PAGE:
‘It’s a new day for many because the people who are populating the government have strong philanthropic ties and non-profit ties, so that’s a different relationship. You can pick up the ‘phone and talk to someone,’ [Atlantic Philanthropies president and chief executive Gara] LaMarche says. ‘There is access that was unthinkable in the Bush Administration.’
Well I guess that’s nice for Atlantic Philanthropies, but having a relationship with charities is hardly an invention of the Obama administration. Actually, the Bush government, in its eagerness to privatize everything, was highly receptive to charitable involvement, too. It’s just that Bush liked different charities. While the author presents some statistical evidence to back it up the virtually evergreen “it’s a new day in Washington” argument, proof of Obama’s love for charities seems somewhat weak. Charitable organizations, especially those that receive federal funds, are always eager to express how well they can work with an administration. That’s what the heads of charities do, almost by definition: solicit money and try to gain influence with powerful people.
The article features a picture of Geoffrey Canada touring a Harlem Children’s Zone building alongside the governor of New York and Prince Charles, whose wife is identified as “Duchess Camilla,” an unconventional style that would surely confuse Her Royal Highness. Skip It
Elsewhere in do-goodery, another article examines female circumcision in an attempt to address whether or not local traditions ought to ever trump human rights concerns. Unsurprisingly, the author urges women activists to respect and value local traditions. The article features a sort of mini-profile about a woman who did just that in her own village, saying that the woman “offers a model for President Obama and Secretary of State Clinton as they try to expand women’s rights around the globe.” This is questionable; the woman’s experience consisted of gaining access to a village in Kenya and then educating individual people. This offers a somewhat limited lesson for American foreign policy. Skip It
This feminist-activists-oughta-love-and-respect-traditional-culture argument is, however, challenged by a compelling piece that appears in the back pages, in which feminist blogger Jessica Valenti praises Laura Kipnis’s Against Love:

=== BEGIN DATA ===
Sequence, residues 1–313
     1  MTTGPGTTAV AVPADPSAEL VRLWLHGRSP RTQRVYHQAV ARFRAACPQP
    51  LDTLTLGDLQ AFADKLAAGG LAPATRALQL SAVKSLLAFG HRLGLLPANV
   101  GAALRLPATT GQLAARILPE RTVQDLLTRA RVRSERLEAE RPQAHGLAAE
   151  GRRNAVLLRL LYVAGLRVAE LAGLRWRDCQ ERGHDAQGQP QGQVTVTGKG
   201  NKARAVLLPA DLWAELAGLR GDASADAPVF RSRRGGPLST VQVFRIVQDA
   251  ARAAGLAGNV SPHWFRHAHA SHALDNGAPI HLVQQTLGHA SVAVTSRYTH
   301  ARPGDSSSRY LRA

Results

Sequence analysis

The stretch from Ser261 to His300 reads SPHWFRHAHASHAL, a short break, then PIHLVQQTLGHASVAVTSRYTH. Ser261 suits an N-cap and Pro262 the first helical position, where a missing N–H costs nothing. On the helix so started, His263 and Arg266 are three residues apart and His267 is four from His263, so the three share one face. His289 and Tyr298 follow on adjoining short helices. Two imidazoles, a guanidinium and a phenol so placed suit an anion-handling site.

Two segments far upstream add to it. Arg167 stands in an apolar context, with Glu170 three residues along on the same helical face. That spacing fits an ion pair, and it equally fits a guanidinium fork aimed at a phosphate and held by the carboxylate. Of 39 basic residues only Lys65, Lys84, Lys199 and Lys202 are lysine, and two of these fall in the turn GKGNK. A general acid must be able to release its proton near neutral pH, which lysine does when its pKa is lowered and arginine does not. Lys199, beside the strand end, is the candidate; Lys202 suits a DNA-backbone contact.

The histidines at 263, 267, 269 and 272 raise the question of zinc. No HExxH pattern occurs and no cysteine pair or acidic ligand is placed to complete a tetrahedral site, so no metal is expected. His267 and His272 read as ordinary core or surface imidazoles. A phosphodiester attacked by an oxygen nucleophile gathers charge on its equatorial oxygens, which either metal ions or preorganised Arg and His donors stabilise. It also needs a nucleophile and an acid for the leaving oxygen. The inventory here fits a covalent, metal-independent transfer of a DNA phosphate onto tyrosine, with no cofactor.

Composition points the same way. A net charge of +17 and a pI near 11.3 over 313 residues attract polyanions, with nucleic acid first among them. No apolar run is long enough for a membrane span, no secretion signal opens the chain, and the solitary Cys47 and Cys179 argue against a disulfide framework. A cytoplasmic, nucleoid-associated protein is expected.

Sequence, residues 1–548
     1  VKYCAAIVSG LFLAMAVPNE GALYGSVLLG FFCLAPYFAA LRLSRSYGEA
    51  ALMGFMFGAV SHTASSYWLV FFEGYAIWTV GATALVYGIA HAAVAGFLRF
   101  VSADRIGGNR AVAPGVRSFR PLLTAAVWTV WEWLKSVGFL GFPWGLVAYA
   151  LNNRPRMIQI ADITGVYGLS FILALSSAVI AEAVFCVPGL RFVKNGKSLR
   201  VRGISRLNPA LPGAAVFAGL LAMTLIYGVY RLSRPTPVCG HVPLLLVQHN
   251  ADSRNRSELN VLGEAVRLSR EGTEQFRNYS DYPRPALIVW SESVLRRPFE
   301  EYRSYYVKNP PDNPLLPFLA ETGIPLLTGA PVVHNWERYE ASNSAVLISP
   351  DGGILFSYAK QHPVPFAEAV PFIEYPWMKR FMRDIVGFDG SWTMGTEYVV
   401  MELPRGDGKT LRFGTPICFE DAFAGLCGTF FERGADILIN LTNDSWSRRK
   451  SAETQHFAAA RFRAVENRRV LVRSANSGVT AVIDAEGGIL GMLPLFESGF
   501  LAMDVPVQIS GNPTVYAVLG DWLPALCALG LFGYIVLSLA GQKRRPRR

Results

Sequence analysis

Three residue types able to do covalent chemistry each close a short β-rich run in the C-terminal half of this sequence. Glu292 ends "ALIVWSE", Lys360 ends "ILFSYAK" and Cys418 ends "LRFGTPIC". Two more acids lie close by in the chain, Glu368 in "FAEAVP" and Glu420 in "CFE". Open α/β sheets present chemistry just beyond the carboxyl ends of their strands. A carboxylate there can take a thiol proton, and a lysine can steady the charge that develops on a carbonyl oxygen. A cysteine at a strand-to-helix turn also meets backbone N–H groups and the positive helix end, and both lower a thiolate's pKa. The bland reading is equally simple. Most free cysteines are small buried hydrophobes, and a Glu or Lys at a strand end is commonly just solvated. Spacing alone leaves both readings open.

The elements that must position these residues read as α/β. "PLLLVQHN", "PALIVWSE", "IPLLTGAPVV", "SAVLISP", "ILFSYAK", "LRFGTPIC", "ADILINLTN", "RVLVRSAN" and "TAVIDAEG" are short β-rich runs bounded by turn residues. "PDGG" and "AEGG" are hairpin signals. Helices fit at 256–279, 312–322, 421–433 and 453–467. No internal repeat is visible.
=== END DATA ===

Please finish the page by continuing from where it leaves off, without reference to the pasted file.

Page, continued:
Kipnis’ framing of adultery as a radical act—”the sit-down strike of the love-takes-work-ethic”—really stuck with me. Not because I was down on monogamy (though the book certainly makes you rethink how much you want a pick-up-the-kids, take-out-the-trash kind of relationship) but because it made me think of feminism as the adultery of social norms.Duly noted, though I’d argue that, with attitudes like that, preventing female circumcision ought not to be your next project. A front-of-book piece about the free speech arguments made by the lobbyists for the U.S. porn industry might also be read somewhat uncomfortably in the Masai villages of southern Kenya. (Admittedly this scenario is fairly unlikely.) Read It
The issue also runs a short, captivating review of Richard Nisbett’s new book on the IQ wars, Intelligence and How to Get It: Why Schools and Cultures Count, which explains how intelligence isn’t really hereditary, but because children’s intelligence looks like it’s closely connected to that of their parents, we often make the mistake of thinking that it is. “Biological geneticists have found that genes trigger environmental influence,” the reviewer explains, “what’s more, environmental differences determine gene expression.” Read It
In the column-length dialogue section in the front pages of the issue deputy editor Ann Friedman and writing fellow Adam Serwer (disclosure: I know Serwer) discuss the business and science of bananas. Friedman: “… If I had to pick one industrially farmed food to go extinct, it would be the banana. They smell gross. They taste gross. They have a gross texture.” Skip It
On page four, the magazine excerpts a Campaign Desk piece of mine criticizing Prospect staffer Dana Goldstein’s April 2009 article on teacher’s unions and education reform. Goldstein responds to me and Andrew “Eduwonk” Rotherham. Naturally, you should Read It.Daniel Luzer is web editor of the Washington Monthly.